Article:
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Serpin Structure and Evolution
 
 

Serpin Structure and Evolution, 1st Edition

 
Serpin Structure and Evolution, 1st Edition,James Whisstock,Phillip Bird,ISBN9780123859501
 
 
 

Methods in Enzymology

Whisstock   &   Bird   

Academic Press

9780123859501

9780123859518

552

229 X 152

Serpins are a group of proteins with similar structures that were first identified as a set of proteins able to inhibit proteases, and this volume in the Methods in Enzymology series comprehensively covers this topic.

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Key Features

This volume in the Methods in Enzymology series comprehensively covers the topic of serpins

With an international board of authors, this volume covers subjects such as Crystallography of serpins and serpin complexes, Serpins as hormone transporters, and Production of serpins using cell free systems

Description

Serpins are a group of proteins with similar structures that were first identified as a set of proteins able to inhibit proteases. This volume in the Methods in Enzymology series comprehensively covers this topic. With an international board of authors, this volume covers subjects such as Crystallography of serpins and serpin complexes, Serpins as hormone transporters, and Production of serpins using cell free systems.

Readership

Biochemists, biophysicists, molecular biologists, analytical chemists, and physiologists

Information about this author is currently not available.
Information about this author is currently not available.

Serpin Structure and Evolution, 1st Edition

Series Page

Contributors

Preface

Methods in Enzymology

Intracellular Production of Recombinant Serpins in Yeast

1. Introduction

2. Selection of Strain and Expression Plasmid

3. Growth of Yeast

4. Transformation of Yeast

5. Screening Transformants

6. Large-Scale Growth and Induction

7. Lysis

8. Purification

9. Assessing Serpin Activity and Removing Inactive Forms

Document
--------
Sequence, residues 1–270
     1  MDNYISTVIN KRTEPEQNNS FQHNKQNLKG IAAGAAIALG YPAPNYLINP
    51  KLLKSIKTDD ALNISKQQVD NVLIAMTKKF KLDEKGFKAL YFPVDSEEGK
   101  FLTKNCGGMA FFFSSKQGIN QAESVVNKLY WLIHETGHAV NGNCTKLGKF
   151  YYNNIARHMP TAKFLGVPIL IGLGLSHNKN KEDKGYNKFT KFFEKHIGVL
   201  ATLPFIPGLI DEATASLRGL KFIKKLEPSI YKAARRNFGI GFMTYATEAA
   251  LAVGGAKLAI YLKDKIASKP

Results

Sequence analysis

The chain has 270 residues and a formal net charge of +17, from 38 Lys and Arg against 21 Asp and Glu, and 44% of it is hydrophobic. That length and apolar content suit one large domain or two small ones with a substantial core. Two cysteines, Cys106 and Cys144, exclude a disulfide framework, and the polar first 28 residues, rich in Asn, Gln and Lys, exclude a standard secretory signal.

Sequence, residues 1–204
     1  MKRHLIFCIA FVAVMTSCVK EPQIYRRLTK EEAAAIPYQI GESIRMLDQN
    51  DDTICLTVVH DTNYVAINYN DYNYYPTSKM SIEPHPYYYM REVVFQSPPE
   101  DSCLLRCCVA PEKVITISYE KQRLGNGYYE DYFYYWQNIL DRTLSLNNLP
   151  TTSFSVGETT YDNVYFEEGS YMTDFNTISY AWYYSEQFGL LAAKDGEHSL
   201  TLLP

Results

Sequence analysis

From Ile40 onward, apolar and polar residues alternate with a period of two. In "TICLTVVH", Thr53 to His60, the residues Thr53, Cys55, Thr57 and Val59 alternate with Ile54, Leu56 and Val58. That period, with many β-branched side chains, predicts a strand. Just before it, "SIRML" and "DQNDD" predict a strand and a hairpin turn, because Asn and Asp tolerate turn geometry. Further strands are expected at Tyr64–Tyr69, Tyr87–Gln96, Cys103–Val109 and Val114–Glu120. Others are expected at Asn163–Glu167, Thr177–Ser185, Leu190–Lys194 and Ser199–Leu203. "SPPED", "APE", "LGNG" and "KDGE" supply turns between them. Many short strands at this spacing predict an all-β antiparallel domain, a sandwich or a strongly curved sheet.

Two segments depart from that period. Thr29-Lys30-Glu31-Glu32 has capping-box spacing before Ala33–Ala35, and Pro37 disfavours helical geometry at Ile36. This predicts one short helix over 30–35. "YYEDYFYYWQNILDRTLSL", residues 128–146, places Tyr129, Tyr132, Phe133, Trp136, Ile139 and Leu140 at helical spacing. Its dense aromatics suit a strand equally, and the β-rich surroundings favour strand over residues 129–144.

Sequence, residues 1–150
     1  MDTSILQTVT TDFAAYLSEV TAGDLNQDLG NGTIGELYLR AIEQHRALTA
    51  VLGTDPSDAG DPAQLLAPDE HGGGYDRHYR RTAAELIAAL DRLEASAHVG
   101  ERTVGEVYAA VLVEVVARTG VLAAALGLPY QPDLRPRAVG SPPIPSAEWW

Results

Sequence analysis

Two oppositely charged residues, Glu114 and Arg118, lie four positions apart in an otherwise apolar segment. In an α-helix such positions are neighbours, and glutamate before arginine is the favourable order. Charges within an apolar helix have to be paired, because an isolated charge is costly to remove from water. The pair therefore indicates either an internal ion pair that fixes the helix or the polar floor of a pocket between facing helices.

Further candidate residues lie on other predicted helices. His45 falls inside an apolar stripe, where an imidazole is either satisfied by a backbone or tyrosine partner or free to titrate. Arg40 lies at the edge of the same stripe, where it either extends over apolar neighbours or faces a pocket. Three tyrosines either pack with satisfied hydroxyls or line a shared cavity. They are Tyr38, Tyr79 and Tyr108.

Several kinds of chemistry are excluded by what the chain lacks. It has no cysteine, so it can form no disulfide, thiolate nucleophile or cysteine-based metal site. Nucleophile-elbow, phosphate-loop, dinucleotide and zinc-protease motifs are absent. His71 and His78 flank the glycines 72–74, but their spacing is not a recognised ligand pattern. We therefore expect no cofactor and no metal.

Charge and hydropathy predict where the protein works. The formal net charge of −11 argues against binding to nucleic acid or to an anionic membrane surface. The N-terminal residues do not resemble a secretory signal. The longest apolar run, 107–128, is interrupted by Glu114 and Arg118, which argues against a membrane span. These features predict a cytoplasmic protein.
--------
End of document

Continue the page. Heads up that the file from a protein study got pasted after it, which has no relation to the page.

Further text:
10. Production of Polymerogenic Serpins

Production of Recombinant Serpins in Escherichia coli

1. Introduction

2. Experimental Procedures for the Production of Serpins in E. coli

3. Some Common Variations Used for Expression of Other Serpins

4. Preparation of AT from Inclusion Bodies

5. Preparation of Soluble AT

Isolation and Characterization of the Nuclear Serpin MENT

1. Introduction

2. Purification of the MENT Protein

3. Protease Inhibition/Serpin Activity

4. MENT Interaction with DNA and Chromatin In Vitro

5. Analysis of MENT Association with Native Chromatin In Situ

Acknowledgments

Solving Serpin Crystal Structures

1. Introduction

2. Protein Production and Purification

3. Modifications to Aid Crystallization

4. Crystallization

5. Experimental Phasing

6. Molecular Replacement

7. Phase Improvement by Density Modification

8. Refinement and Validation

Crystallography of Serpins and Serpin Complexes

1. Introduction

2. First Glimpses of Serpin Structures

3. The Serpin–Enzyme Complex

4. The Michaelis Complex

5. Conformational Control of Serpins—Antithrombin and Heparin

6. Nonconventional Serpin Complexes

7. Conformational Change and the Formation of the Latent Conformation

8. Abnormal Conformational Change—The d-Form

9. Serpin Polymers

10. Crystallization of Serpins and Serpin Complexes

11. Conclusions

Serpins as Hormone Carriers

1. Serpins and Allosteric Modulation

2. Hormone Carriage—TBG and CBG

3. Temperature Response: A Protein Thermocouple

4. Angiotensinogen and Its Interaction with Renin

Acknowledgments

Serpin–Glycosaminoglycan Interactions

1. Quantitative Methods

2. Qualitative Methods

3. Animal Models

Acknowledgments

Targeting Serpins in High-Throughput and Structure-Based Drug Design

1. Introduction

2. Targeting the s4A Site with Peptides in a Pathogenic Variant of a1-antitrypsin

3. Computational Approaches

4. In vitro Screening of Small Molecules

5. Mammalian Cell Models and Beyond

6. Conclusion